Cross-Community Contact, Perceived Status Differences, and Intergroup Attitudes in Northern Ireland: The Mediating Roles of Individual-level versus Group-level Threats and the Moderating Role of Social Identification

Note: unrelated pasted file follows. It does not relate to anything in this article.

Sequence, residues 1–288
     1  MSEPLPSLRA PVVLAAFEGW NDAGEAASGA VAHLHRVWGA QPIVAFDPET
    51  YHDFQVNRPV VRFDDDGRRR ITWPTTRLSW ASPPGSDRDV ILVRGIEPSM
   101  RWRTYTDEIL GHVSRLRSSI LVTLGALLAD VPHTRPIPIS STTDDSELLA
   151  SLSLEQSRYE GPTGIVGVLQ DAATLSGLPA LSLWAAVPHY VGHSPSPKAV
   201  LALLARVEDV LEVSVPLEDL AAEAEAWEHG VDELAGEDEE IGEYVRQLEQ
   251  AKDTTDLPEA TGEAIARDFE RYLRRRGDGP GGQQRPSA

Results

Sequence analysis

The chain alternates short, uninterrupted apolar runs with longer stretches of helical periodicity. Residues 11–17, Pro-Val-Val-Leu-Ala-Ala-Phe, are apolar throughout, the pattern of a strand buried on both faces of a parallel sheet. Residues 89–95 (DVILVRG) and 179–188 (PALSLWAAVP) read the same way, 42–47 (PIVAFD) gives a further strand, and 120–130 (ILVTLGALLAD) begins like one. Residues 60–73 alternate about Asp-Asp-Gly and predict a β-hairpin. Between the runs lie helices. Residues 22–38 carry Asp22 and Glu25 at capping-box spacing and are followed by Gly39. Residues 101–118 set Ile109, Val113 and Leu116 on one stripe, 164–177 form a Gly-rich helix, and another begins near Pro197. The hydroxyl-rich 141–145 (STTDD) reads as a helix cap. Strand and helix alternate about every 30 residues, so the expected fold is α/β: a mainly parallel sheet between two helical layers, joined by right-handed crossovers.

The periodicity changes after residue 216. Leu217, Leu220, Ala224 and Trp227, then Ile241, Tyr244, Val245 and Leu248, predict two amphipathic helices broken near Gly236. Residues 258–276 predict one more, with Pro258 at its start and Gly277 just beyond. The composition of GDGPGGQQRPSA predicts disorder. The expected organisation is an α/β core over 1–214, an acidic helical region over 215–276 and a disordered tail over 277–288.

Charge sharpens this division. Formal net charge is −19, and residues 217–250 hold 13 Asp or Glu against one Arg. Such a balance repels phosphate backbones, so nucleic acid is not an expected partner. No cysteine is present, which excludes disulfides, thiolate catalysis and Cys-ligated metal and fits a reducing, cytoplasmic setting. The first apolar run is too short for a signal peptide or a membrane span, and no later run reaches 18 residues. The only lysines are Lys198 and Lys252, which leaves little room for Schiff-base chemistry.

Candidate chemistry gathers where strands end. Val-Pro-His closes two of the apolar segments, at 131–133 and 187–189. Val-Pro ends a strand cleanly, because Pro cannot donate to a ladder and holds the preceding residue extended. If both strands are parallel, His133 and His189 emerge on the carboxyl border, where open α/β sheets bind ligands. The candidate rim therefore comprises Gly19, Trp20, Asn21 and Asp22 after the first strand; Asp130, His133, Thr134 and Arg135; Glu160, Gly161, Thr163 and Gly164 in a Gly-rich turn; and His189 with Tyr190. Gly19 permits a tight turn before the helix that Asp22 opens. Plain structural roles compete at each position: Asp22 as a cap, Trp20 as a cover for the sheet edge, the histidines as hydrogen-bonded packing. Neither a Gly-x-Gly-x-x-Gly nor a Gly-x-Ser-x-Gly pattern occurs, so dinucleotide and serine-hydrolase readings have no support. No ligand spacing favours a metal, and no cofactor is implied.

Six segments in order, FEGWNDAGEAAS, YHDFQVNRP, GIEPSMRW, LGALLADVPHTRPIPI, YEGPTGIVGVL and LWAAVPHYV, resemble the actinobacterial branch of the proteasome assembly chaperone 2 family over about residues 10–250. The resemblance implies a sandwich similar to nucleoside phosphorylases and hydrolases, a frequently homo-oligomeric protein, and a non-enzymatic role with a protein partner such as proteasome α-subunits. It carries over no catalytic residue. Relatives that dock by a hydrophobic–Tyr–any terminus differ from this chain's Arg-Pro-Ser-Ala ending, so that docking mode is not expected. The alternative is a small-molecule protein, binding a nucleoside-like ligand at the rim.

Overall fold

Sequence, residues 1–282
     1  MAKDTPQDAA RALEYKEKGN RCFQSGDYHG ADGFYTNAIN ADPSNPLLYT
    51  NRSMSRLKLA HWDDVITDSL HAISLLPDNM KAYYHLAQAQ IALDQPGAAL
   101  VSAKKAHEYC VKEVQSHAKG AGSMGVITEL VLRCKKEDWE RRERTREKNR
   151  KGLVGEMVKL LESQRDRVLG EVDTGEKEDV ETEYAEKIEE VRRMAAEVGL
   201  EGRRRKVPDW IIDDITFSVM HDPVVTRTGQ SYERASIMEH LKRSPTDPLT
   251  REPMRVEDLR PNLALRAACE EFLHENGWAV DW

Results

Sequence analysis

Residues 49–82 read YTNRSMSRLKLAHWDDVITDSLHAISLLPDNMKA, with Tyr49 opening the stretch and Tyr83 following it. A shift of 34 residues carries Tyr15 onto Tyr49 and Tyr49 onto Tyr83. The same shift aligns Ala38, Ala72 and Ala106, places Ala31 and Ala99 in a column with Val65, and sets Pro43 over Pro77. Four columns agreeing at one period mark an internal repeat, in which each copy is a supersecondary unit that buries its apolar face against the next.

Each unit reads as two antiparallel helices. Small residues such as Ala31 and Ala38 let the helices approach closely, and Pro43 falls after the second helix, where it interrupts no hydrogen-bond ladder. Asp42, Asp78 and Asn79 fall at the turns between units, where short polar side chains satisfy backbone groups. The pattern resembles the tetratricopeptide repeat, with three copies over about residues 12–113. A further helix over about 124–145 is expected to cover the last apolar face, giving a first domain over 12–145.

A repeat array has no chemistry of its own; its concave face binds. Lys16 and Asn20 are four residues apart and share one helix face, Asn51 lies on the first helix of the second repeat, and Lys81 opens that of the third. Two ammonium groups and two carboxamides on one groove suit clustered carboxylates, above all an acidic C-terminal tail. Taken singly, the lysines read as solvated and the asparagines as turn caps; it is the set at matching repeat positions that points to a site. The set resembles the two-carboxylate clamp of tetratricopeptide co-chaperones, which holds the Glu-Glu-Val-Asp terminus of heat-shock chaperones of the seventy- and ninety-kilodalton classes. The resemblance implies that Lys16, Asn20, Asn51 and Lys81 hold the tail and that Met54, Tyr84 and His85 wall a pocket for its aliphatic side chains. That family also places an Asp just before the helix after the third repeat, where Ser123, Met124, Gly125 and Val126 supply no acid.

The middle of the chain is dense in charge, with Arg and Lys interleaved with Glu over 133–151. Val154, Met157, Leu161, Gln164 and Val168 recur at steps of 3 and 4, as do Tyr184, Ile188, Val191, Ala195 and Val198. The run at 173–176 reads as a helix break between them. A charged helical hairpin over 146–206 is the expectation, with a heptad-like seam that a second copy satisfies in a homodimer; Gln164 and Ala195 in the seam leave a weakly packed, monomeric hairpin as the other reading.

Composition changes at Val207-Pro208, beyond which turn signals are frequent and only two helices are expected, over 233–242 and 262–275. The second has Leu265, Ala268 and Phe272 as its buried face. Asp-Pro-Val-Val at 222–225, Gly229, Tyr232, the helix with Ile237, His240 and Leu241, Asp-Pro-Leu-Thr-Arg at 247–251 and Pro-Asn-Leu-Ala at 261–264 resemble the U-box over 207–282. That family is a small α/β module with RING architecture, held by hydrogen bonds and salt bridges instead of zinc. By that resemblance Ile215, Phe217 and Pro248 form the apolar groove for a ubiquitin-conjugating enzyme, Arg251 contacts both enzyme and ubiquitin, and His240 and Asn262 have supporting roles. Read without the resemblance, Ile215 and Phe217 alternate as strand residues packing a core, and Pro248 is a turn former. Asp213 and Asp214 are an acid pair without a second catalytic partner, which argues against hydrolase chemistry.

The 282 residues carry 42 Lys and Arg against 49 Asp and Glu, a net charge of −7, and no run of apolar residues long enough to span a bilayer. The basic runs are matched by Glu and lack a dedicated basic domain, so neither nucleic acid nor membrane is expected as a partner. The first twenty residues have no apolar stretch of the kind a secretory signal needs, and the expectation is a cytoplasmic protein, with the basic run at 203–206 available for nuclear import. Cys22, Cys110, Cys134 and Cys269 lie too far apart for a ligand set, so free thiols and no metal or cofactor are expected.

We tested a model which examined the relationship between contact quantity and quality, relative ingroup status, and intergroup attitudes in Northern Ireland. Intergroup anxiety was considered an individual-level mediator and realistic and symbolic threat as group-level mediators in the model. We examined the idea that the strength of ingroup identification moderates the predictive power of individual- versus group-level variables. Both contact and relative ingroup status predicted anxiety and perceived threats to the ingroup, which were significant mediators in the model. Our results also suggest that while anxiety predicts attitudes for low but not high identifiers, symbolic threats to the ingroup are more important for high than for low identifiers. There was also some evidence indicating that status perceptions moderate contact effects. We discuss these results in terms of their implications for intergroup relations in Northern Ireland.
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